In 2007, one of RCH’s clients asked that a voluntary benefit be put in place for new hires, to help them roll their money into the plan.
“That’s when the lightbulb went off,” says Spencer Williams, president and CEO of Retirement Clearinghouse. “Here we are in the business of taking people out of the plan—a mandatory distribution—what if we set up a system with all the recordkeepers, and instead of sticking these small balances in a safe harbor IRA [individual retirement account], what if we went looking for their new 401(k) and automatically rolled them in?”
Some of the largest recordkeepers are currently exploring this possibility, Williams tells PLANADVISER. “They haven’t committed to moving forward, but they see exactly the same benefits, the first one being stopping the leakage.”
By creating this “electronic highway,” he says, plan sponsors can take further advantage of participant inertia. “Over time, the mobile work force becomes accustomed to their 401(k) moving with them and they stop cashing out.”
The Employee Benefit Research Institute (EBRI) reports that nearly 40% of 401(k)s today hold $10,000 or less, Williams says, and a large portion of that population has at least one other account. By automating this roll-in process, he believes the retirement industry could prevent the problem of disparate accounts and do a great service to participant demographics most likely to cash out a small balance.
Doing this requires a small change in thinking, Williams says. Looking at a plan, today the automatic rollover provision directs funds out of the plan environment. “If you connect the system with auto-portability, that same employer could now anticipate that some percentage of its new hires is going to arrive with a balance. So, instead of starting at zero the day they enroll, we automatically move their old account with them.” In a perfect world, he adds, “a plan would expect to receive as much as it distributes.”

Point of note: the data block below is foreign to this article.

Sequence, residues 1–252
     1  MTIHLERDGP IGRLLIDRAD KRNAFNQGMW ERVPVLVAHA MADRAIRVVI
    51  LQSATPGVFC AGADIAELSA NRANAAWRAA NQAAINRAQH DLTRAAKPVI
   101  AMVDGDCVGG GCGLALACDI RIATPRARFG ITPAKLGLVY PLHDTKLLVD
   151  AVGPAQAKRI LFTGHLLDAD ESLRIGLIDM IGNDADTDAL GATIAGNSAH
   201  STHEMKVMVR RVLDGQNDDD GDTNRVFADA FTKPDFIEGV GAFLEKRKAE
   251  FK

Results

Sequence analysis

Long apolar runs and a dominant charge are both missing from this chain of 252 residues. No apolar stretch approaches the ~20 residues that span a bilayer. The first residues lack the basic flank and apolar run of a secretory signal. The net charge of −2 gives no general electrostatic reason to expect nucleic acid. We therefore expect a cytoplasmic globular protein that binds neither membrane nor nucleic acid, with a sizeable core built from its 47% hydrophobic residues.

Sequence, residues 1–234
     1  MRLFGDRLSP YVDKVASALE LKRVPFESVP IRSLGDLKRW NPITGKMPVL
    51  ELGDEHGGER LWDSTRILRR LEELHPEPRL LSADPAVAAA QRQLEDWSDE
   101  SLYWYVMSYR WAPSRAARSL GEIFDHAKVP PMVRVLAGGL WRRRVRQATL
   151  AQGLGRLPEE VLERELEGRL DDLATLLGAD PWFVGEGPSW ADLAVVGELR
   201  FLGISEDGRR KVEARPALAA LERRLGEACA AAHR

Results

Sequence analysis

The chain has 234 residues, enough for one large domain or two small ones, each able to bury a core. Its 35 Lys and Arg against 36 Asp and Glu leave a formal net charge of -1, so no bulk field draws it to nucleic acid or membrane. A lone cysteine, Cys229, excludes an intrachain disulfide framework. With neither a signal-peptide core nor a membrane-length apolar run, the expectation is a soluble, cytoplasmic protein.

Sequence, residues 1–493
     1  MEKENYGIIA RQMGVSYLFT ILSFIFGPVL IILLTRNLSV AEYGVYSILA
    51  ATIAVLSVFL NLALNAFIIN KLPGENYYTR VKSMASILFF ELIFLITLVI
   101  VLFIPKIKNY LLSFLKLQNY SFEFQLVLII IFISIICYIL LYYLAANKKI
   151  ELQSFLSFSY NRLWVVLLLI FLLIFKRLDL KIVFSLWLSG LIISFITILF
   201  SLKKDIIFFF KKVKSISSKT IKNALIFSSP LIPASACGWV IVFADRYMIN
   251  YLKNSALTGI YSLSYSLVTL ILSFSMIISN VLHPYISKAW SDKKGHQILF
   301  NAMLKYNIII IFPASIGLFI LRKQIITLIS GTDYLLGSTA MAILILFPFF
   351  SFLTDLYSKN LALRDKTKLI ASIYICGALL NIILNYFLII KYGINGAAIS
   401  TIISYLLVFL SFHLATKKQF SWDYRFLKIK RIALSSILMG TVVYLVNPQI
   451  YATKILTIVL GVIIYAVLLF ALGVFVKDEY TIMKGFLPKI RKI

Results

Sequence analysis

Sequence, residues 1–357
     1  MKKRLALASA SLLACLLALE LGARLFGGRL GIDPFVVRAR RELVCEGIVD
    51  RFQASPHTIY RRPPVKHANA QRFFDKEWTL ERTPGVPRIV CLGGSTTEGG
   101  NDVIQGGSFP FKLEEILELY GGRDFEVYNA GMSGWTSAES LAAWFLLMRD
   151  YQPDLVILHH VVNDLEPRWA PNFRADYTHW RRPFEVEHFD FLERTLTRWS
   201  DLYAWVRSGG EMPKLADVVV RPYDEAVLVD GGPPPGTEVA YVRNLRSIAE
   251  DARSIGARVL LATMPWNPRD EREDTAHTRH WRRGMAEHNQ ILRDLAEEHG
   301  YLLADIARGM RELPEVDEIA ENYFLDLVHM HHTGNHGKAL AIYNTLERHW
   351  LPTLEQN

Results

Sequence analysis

How It Works
The process begins with a distribution of a small account balance—less than $5,000—from the plan, Williams explains.
“The plan distributes that $4,000 account to a safe harbor IRA. We now have an electronic record of who that person is and all of their demographic information associated with that account,” he says. “We then take that information—and, of course, we have to follow the highest protocol for security and confidentiality—but we essentially take that person’s Social Security number and we send it to all of the recordkeepers that are participating in the system.”
Those recordkeepers, he continues, can then search their systems for an active 401(k) attached to that individual. This is all done electronically, and if a recordkeeper locates an account for the same person, it sends a notice back to the clearinghouse. After verifying that both parties have the correct person—by checking, for instance, the last name, date of birth and address information—if the scoring system says that it is a true match, the account is then transferred from the safe harbor IRA to the new plan sponsor. Throughout this process, the individual is sent updates and given the choice to opt out.
“The Department of Labor [DOL] is actually working on what’s called an advisory opinion, which is really providing a legal statement—not only to us, but to the plan sponsor—that says this process of negative consent is OK. We’re hopeful that the Department of Labor will issue that opinion in the near future, and then we’ve got all the bases covered,” Williams says. “That could well be a trigger for the process moving forward and being adopted on a broader basis.”